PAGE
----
During a pretrial hearing at Guantanamo Bay on Friday, one bit of information got lost in translation. An Arabic-English interpreter mixed up al Qaeda’s Inspire magazine with Esquire, an American magazine geared toward men. Two rather different publications.
The mistake was during a hearing for five prisoners — who face execution if convicted of launching the 9/11 attacks — and the defense attorneys argued the prisoners’ communication was highly restricted. Navy Captain Thomas Welsh testified that restrictions on mail screening were tightened “after a defense lawyer tried to send a copy of Inspire magazine to one of the defendants.”
As told by Reuters, the mix-up was:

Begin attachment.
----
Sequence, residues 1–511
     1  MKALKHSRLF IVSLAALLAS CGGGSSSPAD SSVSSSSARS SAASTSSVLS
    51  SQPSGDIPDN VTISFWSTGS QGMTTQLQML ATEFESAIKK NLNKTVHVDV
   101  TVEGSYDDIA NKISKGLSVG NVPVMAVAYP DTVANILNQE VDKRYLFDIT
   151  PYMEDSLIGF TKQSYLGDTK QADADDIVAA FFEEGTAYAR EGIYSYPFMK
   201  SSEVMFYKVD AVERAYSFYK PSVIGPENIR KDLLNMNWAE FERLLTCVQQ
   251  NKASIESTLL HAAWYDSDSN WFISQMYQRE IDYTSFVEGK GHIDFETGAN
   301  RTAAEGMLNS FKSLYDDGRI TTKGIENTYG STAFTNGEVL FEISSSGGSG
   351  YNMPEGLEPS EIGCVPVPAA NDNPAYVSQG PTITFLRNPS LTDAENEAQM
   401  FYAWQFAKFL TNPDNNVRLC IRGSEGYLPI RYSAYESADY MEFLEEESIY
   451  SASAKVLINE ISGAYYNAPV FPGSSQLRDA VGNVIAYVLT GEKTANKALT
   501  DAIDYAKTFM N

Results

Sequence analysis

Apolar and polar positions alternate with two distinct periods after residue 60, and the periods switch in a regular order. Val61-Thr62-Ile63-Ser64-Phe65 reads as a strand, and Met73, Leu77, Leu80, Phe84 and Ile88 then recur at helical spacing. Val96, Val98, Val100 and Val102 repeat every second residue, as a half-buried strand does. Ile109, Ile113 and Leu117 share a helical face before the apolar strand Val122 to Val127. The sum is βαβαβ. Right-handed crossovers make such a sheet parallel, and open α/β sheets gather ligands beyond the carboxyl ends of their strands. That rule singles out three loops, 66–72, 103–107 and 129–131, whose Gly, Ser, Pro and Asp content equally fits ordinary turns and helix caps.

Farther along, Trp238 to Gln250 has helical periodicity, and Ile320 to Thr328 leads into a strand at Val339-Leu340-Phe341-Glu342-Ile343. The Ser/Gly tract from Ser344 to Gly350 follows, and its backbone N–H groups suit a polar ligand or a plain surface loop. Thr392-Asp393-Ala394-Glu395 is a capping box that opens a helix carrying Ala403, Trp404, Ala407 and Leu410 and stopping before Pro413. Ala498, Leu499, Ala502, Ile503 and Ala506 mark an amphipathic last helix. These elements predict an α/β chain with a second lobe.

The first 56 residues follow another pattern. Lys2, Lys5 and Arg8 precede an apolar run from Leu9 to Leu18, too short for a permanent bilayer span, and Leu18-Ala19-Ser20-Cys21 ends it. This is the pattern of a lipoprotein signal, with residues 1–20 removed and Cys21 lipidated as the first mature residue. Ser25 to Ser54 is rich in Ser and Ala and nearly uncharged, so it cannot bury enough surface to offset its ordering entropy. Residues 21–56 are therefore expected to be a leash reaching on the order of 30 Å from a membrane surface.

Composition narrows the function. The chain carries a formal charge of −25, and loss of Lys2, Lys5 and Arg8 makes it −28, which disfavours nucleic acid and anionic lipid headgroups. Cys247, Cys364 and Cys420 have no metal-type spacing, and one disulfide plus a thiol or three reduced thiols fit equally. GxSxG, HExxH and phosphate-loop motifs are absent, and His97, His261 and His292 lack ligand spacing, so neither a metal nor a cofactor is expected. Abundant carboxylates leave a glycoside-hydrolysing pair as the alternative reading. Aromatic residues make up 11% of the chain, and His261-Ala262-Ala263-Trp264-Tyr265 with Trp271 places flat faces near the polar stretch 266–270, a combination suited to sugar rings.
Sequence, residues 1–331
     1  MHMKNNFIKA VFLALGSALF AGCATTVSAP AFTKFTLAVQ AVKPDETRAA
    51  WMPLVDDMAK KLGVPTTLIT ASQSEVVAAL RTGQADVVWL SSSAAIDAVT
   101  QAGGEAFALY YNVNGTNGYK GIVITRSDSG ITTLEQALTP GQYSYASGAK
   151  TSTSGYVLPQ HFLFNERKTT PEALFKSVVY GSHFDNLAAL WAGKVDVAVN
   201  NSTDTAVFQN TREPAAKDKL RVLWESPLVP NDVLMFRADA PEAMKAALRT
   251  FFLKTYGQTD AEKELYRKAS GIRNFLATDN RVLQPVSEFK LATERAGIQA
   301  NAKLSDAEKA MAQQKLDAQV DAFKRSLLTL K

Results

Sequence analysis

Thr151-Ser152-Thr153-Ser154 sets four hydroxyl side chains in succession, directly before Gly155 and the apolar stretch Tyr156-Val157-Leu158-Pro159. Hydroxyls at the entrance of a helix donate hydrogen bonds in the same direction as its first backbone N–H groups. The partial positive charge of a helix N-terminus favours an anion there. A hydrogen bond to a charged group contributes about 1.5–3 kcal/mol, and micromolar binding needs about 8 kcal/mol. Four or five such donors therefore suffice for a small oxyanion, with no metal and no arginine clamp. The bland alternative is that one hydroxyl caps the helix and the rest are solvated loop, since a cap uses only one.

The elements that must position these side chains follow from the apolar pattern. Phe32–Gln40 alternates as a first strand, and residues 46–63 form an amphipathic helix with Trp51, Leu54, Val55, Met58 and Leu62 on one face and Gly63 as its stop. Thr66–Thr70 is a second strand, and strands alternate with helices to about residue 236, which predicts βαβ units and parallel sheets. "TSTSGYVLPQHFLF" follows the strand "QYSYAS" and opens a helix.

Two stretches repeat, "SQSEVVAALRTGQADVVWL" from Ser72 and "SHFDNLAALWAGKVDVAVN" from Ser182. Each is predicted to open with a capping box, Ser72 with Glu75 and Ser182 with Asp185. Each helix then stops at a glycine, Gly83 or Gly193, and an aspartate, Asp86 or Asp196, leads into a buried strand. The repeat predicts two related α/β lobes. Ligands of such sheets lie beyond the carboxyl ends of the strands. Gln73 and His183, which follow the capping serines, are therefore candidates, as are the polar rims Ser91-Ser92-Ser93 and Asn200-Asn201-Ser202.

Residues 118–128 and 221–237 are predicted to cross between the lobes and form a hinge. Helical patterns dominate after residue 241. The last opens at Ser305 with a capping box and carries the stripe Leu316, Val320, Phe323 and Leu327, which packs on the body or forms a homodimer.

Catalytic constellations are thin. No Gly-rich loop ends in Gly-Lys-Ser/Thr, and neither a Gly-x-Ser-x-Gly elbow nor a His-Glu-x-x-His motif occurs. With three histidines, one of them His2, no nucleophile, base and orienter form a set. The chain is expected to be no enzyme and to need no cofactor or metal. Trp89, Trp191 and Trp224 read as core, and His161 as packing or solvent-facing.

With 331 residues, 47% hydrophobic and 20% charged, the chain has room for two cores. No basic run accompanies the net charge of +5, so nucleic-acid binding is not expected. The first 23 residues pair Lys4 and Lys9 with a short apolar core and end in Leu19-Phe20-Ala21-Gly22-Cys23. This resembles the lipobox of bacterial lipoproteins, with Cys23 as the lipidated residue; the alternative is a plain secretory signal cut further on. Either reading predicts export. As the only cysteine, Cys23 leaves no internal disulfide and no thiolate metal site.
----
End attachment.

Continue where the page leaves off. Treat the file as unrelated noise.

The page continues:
“I’m told that the translation is wrong,” interrupted defense attorney Cheryl Bormann, who was not the source of the intercepted magazine.
She said the interpreter translating Welsh’s testimony for the defendants had identified the contraband publication to them as Esquire. That magazine describes its focus as “beautiful women, men’s fashion, best music, drink recipes.”
Defendant Khalid Sheikh Mohammed and his four co-defendants are charged with crimes “including conspiracy, hijacking and murder and are expected to go to trial in late 2014 at the earliest.”
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